Pakistan’s foreign exchange reserves held by the State Bank of Pakistan (SBP) continued to fall for the third week in a row, declining by 3.83%.

On October 7, the foreign currency reserves held by the SBP were recorded at $7,596.9 million, down $303 million compared with $7,899.8 on September 30, data released by SBP showed on Thursday.

Overall liquid foreign currency reserves held by the country, including net reserves held by banks other than the SBP, stood at $13,246.8 million.

Net reserves held by banks amounted to $5,649.9 million. The central bank cited external debt repayment, including interest payments on Eurobonds and repayment of a commercial loan, as a major reason behind the decline.

With the current foreign exchange reserves position, Pakistan has an import cover of fewer than 1.09 months.

Criticising the policymakers, former planning minister and PTI leader Asad Umar said: “We have lost more than half the reserves which were there when [the] no-confidence motion was filed.”

“The crises continue to deepen as [the] government [is] too busy getting their corruption cases wound up,” he tweeted.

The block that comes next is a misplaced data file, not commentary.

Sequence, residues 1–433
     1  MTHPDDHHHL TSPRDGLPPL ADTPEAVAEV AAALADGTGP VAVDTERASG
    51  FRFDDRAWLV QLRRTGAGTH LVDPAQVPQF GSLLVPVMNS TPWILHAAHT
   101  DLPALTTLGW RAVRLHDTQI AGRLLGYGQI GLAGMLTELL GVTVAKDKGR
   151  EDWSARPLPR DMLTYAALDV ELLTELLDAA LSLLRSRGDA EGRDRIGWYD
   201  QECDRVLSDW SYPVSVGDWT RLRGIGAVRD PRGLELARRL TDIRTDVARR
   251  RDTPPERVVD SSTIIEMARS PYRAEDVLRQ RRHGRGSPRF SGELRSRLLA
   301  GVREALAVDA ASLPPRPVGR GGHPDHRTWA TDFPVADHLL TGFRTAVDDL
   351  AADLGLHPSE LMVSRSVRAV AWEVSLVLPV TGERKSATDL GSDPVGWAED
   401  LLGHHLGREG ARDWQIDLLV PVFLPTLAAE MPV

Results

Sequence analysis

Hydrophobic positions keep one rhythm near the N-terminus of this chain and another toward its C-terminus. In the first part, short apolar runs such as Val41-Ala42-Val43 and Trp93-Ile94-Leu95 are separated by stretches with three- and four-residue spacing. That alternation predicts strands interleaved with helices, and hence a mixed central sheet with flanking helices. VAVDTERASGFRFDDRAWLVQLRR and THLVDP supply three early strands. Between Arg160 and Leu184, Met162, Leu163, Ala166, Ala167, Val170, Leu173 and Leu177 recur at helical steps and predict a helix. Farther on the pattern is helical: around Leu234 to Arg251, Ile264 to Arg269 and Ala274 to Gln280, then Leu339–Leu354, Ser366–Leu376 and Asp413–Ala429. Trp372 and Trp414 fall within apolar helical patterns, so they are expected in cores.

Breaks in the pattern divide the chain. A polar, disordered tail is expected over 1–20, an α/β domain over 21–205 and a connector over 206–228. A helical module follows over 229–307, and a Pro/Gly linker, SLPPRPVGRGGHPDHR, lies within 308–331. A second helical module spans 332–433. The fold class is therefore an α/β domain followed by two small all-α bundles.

A critical level of reserves has caused severe pressure on the Pakistani rupee with the local unit.

The rupee had gained some ground as Ishaq Dar assumed charge as the new finance minister, a development that helped the currency market recover. The Pakistani currency was at the cusp of a fresh historic low; however, Dar’s arrival gave the market much-needed clarity.

The excessive supply of dollars in the market helped the rupee to stage a 13-day-long rally. However, the supply of foreign currency decelerated after the sluggish data on workers remittances.

The drop in inflows changed sentiment in the interbank market and encouraged importers to buy dollars at the prevailing rate before it became expensive. The local unit extended losses for the second day today and closed at 218.38.

Pakistan’s economy faces serious challenges due to fast-decreasing foreign exchange reserves and political instability.

Foreign exchange reserves are decreasing by $300-400 million on weekly basis due to an increase in imports and have fallen below $8 billion, which is an alarming situation.

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